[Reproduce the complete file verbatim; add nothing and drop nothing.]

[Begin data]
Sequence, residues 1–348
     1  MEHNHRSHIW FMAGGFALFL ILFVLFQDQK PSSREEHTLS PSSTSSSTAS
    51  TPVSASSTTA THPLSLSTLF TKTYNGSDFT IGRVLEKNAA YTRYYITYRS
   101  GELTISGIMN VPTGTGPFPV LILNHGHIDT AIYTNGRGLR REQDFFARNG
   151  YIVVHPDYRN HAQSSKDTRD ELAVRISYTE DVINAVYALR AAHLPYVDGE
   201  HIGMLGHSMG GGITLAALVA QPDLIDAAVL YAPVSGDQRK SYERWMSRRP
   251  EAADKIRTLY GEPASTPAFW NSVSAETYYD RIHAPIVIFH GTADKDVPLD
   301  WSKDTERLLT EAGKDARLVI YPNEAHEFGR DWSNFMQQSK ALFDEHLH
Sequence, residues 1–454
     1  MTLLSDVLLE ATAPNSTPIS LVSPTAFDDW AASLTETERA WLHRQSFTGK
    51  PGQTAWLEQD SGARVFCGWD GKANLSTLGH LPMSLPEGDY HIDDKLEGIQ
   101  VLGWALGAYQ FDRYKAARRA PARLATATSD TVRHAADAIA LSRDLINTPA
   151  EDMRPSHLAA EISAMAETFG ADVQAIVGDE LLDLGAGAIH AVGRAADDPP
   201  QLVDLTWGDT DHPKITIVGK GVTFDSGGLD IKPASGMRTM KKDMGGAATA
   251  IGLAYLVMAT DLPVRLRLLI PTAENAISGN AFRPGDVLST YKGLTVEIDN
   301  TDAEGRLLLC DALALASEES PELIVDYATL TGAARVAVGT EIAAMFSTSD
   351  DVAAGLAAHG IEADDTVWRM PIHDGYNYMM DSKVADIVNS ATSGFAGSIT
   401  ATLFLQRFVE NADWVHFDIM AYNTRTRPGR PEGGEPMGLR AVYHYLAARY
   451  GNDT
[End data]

Sequence, residues 1–348
     1  MEHNHRSHIW FMAGGFALFL ILFVLFQDQK PSSREEHTLS PSSTSSSTAS
    51  TPVSASSTTA THPLSLSTLF TKTYNGSDFT IGRVLEKNAA YTRYYITYRS
   101  GELTISGIMN VPTGTGPFPV LILNHGHIDT AIYTNGRGLR REQDFFARNG
   151  YIVVHPDYRN HAQSSKDTRD ELAVRISYTE DVINAVYALR AAHLPYVDGE
   201  HIGMLGHSMG GGITLAALVA QPDLIDAAVL YAPVSGDQRK SYERWMSRRP
   251  EAADKIRTLY GEPASTPAFW NSVSAETYYD RIHAPIVIFH GTADKDVPLD
   301  WSKDTERLLT EAGKDARLVI YPNEAHEFGR DWSNFMQQSK ALFDEHLH
Sequence, residues 1–454
     1  MTLLSDVLLE ATAPNSTPIS LVSPTAFDDW AASLTETERA WLHRQSFTGK
    51  PGQTAWLEQD SGARVFCGWD GKANLSTLGH LPMSLPEGDY HIDDKLEGIQ
   101  VLGWALGAYQ FDRYKAARRA PARLATATSD TVRHAADAIA LSRDLINTPA
   151  EDMRPSHLAA EISAMAETFG ADVQAIVGDE LLDLGAGAIH AVGRAADDPP
   201  QLVDLTWGDT DHPKITIVGK GVTFDSGGLD IKPASGMRTM KKDMGGAATA
   251  IGLAYLVMAT DLPVRLRLLI PTAENAISGN AFRPGDVLST YKGLTVEIDN
   301  TDAEGRLLLC DALALASEES PELIVDYATL TGAARVAVGT EIAAMFSTSD
   351  DVAAGLAAHG IEADDTVWRM PIHDGYNYMM DSKVADIVNS ATSGFAGSIT
   401  ATLFLQRFVE NADWVHFDIM AYNTRTRPGR PEGGEPMGLR AVYHYLAARY
   451  GNDT